One of the things that makes West African writing outstanding is the usage of their cultural values and symbols. In fact, beyond Africa, the inclusion of cultural values, traditional symbols and religion have made great movies. A lot of powerful themes have been developed around what people believe in; from popular books like, ‘Things Fall Apart’, ‘River Between’ to myths and legends in ‘Lord of the Rings’ or the Harry Porter series. Therefore, what we didn’t know, becomes known. When people learn something, they will strive to make use of it and enshrine it in their day to day lives and this can be carried on for generations to come. There must be a record of where people come from and how they lived their lives. I recently visited the northern part of Ethiopia, Lalibela to be specific and it was amazing to see that Rock Hewn churches that were constructed in 1100 AD are still standing and have been woven into the local literature. Both oral and written forms of literature retell the marvelous work of King Lalibela. Every evening at the cultural center, there is sharing of history and religion through folklore, poetry, dance and music. Similarly, the Japanese people have upheld their cultural values for many years and they have kept a record of it in their literature.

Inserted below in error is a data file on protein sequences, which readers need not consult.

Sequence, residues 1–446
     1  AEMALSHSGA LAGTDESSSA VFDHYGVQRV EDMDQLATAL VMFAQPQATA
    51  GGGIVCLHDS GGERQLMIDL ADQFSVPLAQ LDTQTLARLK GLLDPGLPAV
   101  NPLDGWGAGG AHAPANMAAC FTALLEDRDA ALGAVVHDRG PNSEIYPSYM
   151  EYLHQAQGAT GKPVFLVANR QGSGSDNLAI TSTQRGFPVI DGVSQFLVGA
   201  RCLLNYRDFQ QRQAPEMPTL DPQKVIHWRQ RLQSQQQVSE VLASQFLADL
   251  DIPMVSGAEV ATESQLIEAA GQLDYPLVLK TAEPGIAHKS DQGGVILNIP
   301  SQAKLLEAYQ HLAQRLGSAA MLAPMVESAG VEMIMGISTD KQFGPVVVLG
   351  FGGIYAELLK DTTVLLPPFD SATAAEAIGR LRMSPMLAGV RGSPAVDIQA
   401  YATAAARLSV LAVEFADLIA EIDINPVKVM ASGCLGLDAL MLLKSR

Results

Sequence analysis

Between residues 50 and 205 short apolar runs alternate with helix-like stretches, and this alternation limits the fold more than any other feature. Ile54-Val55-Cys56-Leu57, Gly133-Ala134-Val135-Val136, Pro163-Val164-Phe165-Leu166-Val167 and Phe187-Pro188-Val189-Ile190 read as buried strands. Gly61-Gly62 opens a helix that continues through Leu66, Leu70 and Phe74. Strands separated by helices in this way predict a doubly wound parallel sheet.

What is the point to all this? Creative writing has a very important role in preserving histories, cultures and civilizations. In Zambia, the main sources for history are academic books and these are preserved for those that pursue studies in that line. Most of the systems that were used to pass on history and other important cultural values have died with modernization and rapid urbanization. The television has replaced story telling time. The internet has forcefully taken the place for entertainment and knowledge. With modernization, most of the cultural values have been watered down and if left unattended could be lost forever. If we are to head ‘Toward a Zambian genre’, creative writing must take center stage of incorporating critical cultural values and symbols in all the literary forms. This means casting key elements of Zambia’s cultures in the various forms of writing. For instance, in Achebe’s writing, there is profound usage of proverbs and symbols that are peculiar to the Igbo people. Surely with about 73 tribes, Zambia has plenty to share with the world. TOWARD A ZAMBIAN GENRE!